It would align in a particular way relative to the spin of the nucleus.

 

Later after this particular atom gets into the situation that a second proton ( plus a couple of neutrons through the rather torturous process of tunneling , deuterium, tritium,neutron decay etc ) will an approaching 2ND free electron orientate its spin to be the opposite to the previous electron spin ( say one spin up the other spin down ) an so enter the lowest energy state with the previous electron . Or does it need one plank bar X 1/2 worth of energy to flip its orientation. Sorry !

 

The energy difference in the orientations depend on the magnetic field. Without a field the orientations have the same energy.

 

If the spins didn't weren't opposite, then the electrons would cancel out each others existence.

 

???

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The energy difference in the orientations depend on the magnetic field. Without a field the orientations have the same energy.

 

Thank you for that little lot of answers. Very helpful. You should write a book .

 

Have you any comments on the 1985 paper on spin four posts back (today by me my 3:26 , provided by Bob for short last November) ?

Edited by Mike Smith Cosmos

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I'm grasping at a way of explaining spin to myself, but I don't know the maths well enough to confirm or form this idea properly.

I'll try to formulate a couple of questions that may help, maybe someone can answer.

 

How does spin transform under Lorentz boost? I've seen it written as a vector or one form, but this is confusing to me, is there also a way to formulate it as a 2-form? Either way, how does it tranform?

A lot of things that can be written as a vector in 3d are bivectors in 4d, so this set me thinking.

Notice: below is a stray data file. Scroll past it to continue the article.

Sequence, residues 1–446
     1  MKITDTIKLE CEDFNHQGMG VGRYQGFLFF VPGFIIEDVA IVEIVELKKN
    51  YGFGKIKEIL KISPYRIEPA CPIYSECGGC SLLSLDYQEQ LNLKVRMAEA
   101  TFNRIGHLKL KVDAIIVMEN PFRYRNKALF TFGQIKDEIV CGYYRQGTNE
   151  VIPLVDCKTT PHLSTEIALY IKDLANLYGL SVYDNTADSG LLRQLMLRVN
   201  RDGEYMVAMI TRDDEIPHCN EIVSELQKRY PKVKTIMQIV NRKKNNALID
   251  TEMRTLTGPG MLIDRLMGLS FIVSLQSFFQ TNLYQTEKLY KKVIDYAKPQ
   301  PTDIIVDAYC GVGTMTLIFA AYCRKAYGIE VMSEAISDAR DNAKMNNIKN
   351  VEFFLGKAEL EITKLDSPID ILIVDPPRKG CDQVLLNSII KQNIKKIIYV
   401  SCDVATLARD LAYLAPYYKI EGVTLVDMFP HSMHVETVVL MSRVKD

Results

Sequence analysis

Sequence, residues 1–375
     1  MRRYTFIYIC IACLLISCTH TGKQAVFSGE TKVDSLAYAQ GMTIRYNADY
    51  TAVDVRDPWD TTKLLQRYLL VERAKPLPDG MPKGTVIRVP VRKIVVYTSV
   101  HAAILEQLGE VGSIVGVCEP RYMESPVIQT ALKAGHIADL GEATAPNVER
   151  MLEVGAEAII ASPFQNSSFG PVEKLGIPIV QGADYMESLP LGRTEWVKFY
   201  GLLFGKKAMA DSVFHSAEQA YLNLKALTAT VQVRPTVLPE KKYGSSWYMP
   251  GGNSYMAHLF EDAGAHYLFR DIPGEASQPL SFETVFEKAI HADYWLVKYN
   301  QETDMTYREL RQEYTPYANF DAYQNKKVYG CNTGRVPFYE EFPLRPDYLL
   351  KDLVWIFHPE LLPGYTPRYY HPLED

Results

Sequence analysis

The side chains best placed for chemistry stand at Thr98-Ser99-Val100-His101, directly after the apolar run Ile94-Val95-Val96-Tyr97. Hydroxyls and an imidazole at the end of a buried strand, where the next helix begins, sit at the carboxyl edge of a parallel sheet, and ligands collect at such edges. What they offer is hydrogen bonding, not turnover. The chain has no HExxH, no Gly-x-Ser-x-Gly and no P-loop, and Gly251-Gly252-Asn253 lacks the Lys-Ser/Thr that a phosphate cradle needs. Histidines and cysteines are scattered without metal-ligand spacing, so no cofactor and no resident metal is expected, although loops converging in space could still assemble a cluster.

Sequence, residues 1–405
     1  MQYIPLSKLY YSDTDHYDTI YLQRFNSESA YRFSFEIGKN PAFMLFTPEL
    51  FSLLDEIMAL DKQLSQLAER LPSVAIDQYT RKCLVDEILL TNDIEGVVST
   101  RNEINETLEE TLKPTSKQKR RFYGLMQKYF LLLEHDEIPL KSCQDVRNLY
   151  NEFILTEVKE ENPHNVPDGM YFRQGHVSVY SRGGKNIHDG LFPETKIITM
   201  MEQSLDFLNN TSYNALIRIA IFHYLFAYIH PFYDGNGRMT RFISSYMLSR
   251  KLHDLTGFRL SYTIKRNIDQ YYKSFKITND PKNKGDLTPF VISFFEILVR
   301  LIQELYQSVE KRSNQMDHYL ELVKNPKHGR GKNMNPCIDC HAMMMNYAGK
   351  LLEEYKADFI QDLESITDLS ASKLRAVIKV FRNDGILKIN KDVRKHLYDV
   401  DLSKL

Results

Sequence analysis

Does a relativistic angular momentum 2-form of a spin-free object have magnitude? ie is its scalar product with itself 0?

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Thank you for that little lot of answers. Very helpful. You should write a book .

 

Have you any comments on the 1985 paper on spin four posts back (today by me my 3:26 , provided by Bob for short last November) ?

 

I don't see how the concept of a circulating charge jibes with the experimental determination of electron size. Those results seem to imply that the electron's charge is localized.

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It's not my belief.

 

Take the electron charge and the experimentally determined size limit of the electron. Calculate how fast it would need to spin in order to generate the magnetic moment. Compare with c.

 

 

In that case though, wouldn't an electron have to have a magnitude and a direction? And the "angular momentum" is just the pattern of the electron's most probable place. We don't actually know that the electron is or isn't moving in a spherical way (or etc), but with spin, I don't see how there can't be some physical movement to generate a magnetic field.